The United States Football League First Round playoff game at the Houston Astrodome on July 1, 1984 featured the high-powered Houston Gamblers against the defense-rich Arizona Wranglers.
Under Head Coach Jack Pardee and offensive coordinator Darrel “Mouse” Davis, the first-year Gamblers operated with a high-scoring run-and-shoot offense that generated the most touchdowns (79) and points (618) of any USFL club. Rookie QB Jim Kelly had phenomenal success, most notably passing for 5219 yards and 44 touchdowns while garnering MVP honors from the league. Wide receivers Richard Johnson and Ricky Sanders ranked first and second among the league’s receivers, with 115 and 101 catches, respectively. Houston could move the ball on the ground, too, as RB Todd Fowler gained 1003 yards with a hefty 5.9-yards per carry average and RB Sam Harrell added another 697 yards. If there was a chink in the attack, it was the 82 sacks the Gamblers gave up. The defense was not nearly as glamorous, but was tough against the run. Overall, Houston had been the most successful of the USFL’s six new teams for 1984, finishing atop the Central Division with a 13-5 record.
The Wranglers were a veteran-filled club coached by 66-year-old George Allen. Allen’s teams, most notably the Rams and Redskins in the NFL, were characterized by strong defense and ball-control offense, and Arizona was no different. QB Greg Landry was in his 16th pro season at age 37 and still an effective field general who completed 63 percent of his passes for 3534 yards and 26 touchdowns with 15 interceptions. The tandem of RB Tim Spencer (1212 yards) and FB Kevin Long (1010 yards) was a productive one and WR Trumaine Johnson led the receivers with 90 catches for 1268 yards and 13 TDs. The defense was the best at giving up the fewest yards (250.9) and points (11.3) per game while generating the most sacks (73). DE John Lee was the individual leader in sacks (20).
There was a crowd of 32,713 on hand at the Astrodome. They saw the Gamblers put together a scoring drive of 74 yards in the first quarter. Jim Kelly completed four of his five passes for 44 yards and ran the ball three times for another 29 yards that included a 14-yard touchdown.
The Arizona defense began to assert itself in the second quarter, however, as two key sacks by the Wranglers forced the Gamblers to settle for field goal attempts, one of which was successful by Toni Fritsch from 38 yards and the other a miss from 46 yards following back-to-back sacks by John Lee and DE Karl Lorch. Just before the half, Frank Corral booted a 32-yard field goal for the Wranglers and the score was 10-3 at the intermission.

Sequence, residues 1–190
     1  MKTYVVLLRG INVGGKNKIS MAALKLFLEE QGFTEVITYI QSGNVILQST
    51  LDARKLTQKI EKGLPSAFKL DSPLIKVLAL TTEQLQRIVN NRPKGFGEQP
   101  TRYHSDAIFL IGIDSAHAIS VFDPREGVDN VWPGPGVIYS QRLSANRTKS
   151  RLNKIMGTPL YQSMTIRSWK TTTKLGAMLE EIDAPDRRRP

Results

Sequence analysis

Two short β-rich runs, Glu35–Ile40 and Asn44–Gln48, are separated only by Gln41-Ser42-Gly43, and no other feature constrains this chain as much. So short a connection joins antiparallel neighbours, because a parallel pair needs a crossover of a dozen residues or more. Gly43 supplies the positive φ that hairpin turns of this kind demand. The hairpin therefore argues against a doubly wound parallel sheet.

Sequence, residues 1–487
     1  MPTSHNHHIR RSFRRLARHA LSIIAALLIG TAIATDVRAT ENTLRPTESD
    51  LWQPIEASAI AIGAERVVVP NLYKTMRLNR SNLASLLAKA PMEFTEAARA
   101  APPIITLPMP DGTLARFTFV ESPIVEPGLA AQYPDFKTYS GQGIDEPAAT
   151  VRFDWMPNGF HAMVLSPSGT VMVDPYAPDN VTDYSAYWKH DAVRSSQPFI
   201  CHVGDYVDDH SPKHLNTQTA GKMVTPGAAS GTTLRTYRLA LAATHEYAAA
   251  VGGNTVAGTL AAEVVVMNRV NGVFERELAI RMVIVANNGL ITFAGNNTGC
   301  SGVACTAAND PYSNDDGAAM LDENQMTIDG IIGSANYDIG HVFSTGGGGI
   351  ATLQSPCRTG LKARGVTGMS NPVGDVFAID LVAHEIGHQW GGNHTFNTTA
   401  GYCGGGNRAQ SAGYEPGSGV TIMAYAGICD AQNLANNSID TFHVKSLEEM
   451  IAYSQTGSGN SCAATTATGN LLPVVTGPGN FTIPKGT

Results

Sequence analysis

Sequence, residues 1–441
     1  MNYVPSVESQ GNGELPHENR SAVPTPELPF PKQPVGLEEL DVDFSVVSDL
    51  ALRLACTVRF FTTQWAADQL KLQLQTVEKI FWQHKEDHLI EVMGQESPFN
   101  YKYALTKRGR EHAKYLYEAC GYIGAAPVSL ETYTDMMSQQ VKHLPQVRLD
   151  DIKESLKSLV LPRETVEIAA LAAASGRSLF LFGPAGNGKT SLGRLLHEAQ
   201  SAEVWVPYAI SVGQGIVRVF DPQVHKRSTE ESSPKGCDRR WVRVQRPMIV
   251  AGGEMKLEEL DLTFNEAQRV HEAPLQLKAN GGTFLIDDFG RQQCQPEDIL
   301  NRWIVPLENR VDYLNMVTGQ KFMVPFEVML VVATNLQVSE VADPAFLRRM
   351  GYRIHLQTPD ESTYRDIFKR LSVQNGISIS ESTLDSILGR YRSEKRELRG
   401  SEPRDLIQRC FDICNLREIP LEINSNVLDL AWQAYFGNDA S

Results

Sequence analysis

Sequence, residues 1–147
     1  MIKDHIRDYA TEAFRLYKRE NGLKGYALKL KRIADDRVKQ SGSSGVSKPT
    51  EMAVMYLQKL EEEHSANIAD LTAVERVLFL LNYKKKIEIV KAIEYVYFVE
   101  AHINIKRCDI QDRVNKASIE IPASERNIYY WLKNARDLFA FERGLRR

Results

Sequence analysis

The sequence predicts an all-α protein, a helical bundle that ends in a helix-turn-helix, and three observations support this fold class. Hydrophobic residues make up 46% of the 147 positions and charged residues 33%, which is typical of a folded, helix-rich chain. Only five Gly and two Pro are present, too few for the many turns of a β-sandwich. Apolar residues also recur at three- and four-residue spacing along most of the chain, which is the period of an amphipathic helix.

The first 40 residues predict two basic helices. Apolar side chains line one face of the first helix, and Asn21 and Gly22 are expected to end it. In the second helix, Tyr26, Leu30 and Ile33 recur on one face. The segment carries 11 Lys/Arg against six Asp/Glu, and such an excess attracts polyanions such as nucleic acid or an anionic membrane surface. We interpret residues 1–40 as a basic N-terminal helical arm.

For all of Houston’s ability to move the ball, the home team had difficulty getting into the end zone. Still, Arizona wasn’t scoring either and, after Fritsch kicked a 22-yard field goal midway through the third quarter and then added another three points from 25 yards out early in the final period, the Gamblers held a 16-3 lead with fewer than 14 minutes to play.
Two squibbed punts helped Arizona to come back. First, a 15-yard kick by Dale Walters gave the Wranglers good field position. They made the most of it as Greg Landry completed a pass to TE Paul Ricker for 28 yards and then Tim Spencer ran 20 yards for a touchdown that, with the successful extra point, put them six points behind with 6:11 still to play.
Once again Houston was forced to punt, and this time Walters booted the ball only 13 yards. Landry completed passes to RB Doug Dennison that gained 22 yards and WR Lenny Willis for another 13 before tossing to Dennison again for an 11-yard touchdown. Corral added the critical extra point to provide Arizona with a one-point margin with 1:49 left on the clock. The defense made it stand up and the Wranglers came away with a 17-16 win to advance to the next round.
Houston significantly outgained the Wranglers (415 yards to 196), had more first downs (23 to 13), and dominated time of possession (37:15 to 22:45). However, Arizona’s defense held when necessary and sacked Jim Kelly six times while intercepting two of his passes – plus, the two shanked punts in the fourth quarter were disastrous for the Gamblers.
Greg Landry completed 11 of 22 passes for 130 yards with a touchdown and an interception. Doug Dennison caught three passes for 27 yards and the game-winning TD while RB Allan Clark topped the club with 43 yards on his two receptions. Tim Spencer rushed for 39 yards on 10 carries that included a TD and Kevin Long was held to 19 yards on 6 attempts.
For the Gamblers, Jim Kelly was successful on 23 of 34 throws for 301 yards with no TDs and the two interceptions – he was held without a touchdown pass for the first time all season. WR Scott McGhee pulled in 7 passes for 112 yards and Todd Fowler carried the ball 19 times for 84 yards. Kelly added another 59 yards and a TD on 8 rushes.
“The key to winning the game was poise and playing together,” said George Allen, who broke a personal four-game postseason losing streak as a pro head coach with Arizona’s win. “Don’t take chances. Every play could be the game in the last six minutes.”
The Wranglers went on to mount another fourth quarter comeback and defeat the Los Angeles Express the next week to win the Western Conference Championship. Advancing to the USFL title game, they lost to the Philadelphia Stars, which marked the end of Allen’s pro coaching career. The team was merged with the Oklahoma Outlaws to become the Arizona Outlaws in 1985 and finished at 8-10 in the USFL’s final year. Houston reached the postseason at 10-8 but again fell in the first round.